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There are 12 episodes with tag 'architecture'   Clear search
  • #504

    Modular Project Architecture

    In this episode we create a modularized setup where our modules are Swift Packages and brought into the main app using Xcodegen and local path references to the packages.

  • #503

    Modular Project Architecture

    One thing that can be a pain when splitting modules up into separate projects is maintaining the Xcode projects themselves. Not to mention the fact that as team sizes grow, merging changes in project files gets exponentially more painful. In this episode we will look at using Xcodegen to have a repeatable project generation that you can use to create consistent Xcode projects without much fuss.

  • #502

    Modular Project Architecture

    Breaking your code into discrete modules will surface a problem if your code is tightly interconnected. Once you've defined your module boundaries you now are forced to not cause bidirectional dependencies. In this episode we will look at some strategies for breaking apart dependencies into abstractions first using protocols, then using protocol witnesses. We can then depend on those abstractions in our isolated module projects.

  • #501

    Modular Project Architecture

    One way of achieving modularization is to build frameworks using nested Xcode projects. This has the benefit of having everything in one place and can easily build the entire thing. You can also zero-in on a single project and just work from there if you want. Each sub-project can have its own tests, sample application, etc.

  • #500

    Modular Project Architecture

    In this episode we will talk about the overview and motivation for a modular project architecture. Why split things up? I'll talk about the problems we face, what benefits we may achieve, and how can we approach the problem.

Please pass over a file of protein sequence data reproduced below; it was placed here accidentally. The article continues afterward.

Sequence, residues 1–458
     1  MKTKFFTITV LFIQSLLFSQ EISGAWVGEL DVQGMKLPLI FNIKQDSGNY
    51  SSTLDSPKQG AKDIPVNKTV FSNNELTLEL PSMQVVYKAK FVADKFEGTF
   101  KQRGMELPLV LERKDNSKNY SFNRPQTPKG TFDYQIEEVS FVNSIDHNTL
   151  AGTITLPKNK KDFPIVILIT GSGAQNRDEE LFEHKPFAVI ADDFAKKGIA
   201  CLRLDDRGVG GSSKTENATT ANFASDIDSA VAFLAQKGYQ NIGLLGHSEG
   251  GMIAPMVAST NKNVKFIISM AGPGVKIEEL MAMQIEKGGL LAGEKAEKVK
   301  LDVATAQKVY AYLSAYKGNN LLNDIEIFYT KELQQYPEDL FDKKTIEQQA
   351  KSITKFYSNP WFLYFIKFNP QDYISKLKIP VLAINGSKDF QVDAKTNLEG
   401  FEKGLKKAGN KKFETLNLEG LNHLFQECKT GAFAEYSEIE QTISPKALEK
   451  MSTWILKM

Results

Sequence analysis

• #460

    Managing dependencies can be a pain. Unless you're using shared instances accessible everywhere, you end up having to pass along dependencies from class to class. One strategy for decoupling your types from external dependencies is to create protocols and "inject" the actual concrete implementations at runtime. This enables you to test them easily and also isolates library-specific APIs from the rest of your application. This can make switching between libraries more feasible. In this episode we'll take a look at a library called Resolver that does this. Technically it implements Service Location rather than Dependency Injection, but the result is similar.

  • #274

    Hello CloudKit

    So far in this series we've been using CloudKit directly from our controllers. This can be somewhat limiting. It requires you to be online or everything fails, we may want to add a caching layer, or we might want to use CloudKit as a network synchronization layer, rather than a primary data store. In this episode we'll examine an architecture that will allow you to decouple your view controllers from CloudKit as a first step to achieving more flexibility with your CloudKit implementation.

  • #273

    In the refactoring series, Soroush mentioned a protocol he uses to make initializing view controllers from a storyboard as easy as adopting a protocol (and completely type-safe). In this episode we will build this using Swift protocol extensions. The end result is something you can easily carry with you from project to project.

  • #272

    Refactoring to Coordinators

    This episode wraps up the refactoring series by implementing the transition to the PhotosViewController. Ben and Soroush talk about the overall process and benefits of coordinators as a pattern to clean up view controllers and organize logic around how your app is stitched together.

  • #271

    Refactoring to Coordinators

    Moving on to the next segue in our storyboard, this time Ben and Soroush tackle the Add Review flow. They discuss naming of delegates, the ideal place to perform logic such as preparing a model to be saved and where mutations to the model live. They end up with a view controller that is completely decoupled from the AddReviewViewController and a better picture of what the coordinator tends to look like.

  • #270

    Refactoring to Coordinators

    In this episode, Soroush and Ben create the first delegate for a view controller in order to pull out the behavior a user might trigger by interacting with the view controller. This delegate conformance is added to our coordinator so this flow logic is in one place (and not in the view controller).

  • #268

    Refactoring to Coordinators

    What is the Coordinators pattern, and why is it useful? Soroush and Ben discuss this and then get started refactoring an existing application that uses Storyboards into using Coordinators. We implement our first AppCoordinator and wire it up on launch.